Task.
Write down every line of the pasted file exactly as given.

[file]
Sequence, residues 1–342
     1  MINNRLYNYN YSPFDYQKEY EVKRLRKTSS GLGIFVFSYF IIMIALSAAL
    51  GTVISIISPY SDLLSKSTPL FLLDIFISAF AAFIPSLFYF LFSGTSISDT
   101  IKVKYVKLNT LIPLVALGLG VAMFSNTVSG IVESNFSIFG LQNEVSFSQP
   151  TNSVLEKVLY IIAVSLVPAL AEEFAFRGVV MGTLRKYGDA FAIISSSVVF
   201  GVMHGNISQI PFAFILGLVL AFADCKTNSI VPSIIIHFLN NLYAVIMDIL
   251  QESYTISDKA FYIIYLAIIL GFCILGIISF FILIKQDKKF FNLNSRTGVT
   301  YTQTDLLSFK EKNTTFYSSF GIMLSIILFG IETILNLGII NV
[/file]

Sequence, residues 1–342
     1  MINNRLYNYN YSPFDYQKEY EVKRLRKTSS GLGIFVFSYF IIMIALSAAL
    51  GTVISIISPY SDLLSKSTPL FLLDIFISAF AAFIPSLFYF LFSGTSISDT
   101  IKVKYVKLNT LIPLVALGLG VAMFSNTVSG IVESNFSIFG LQNEVSFSQP
   151  TNSVLEKVLY IIAVSLVPAL AEEFAFRGVV MGTLRKYGDA FAIISSSVVF
   201  GVMHGNISQI PFAFILGLVL AFADCKTNSI VPSIIIHFLN NLYAVIMDIL
   251  QESYTISDKA FYIIYLAIIL GFCILGIISF FILIKQDKKF FNLNSRTGVT
   301  YTQTDLLSFK EKNTTFYSSF GIMLSIILFG IETILNLGII NV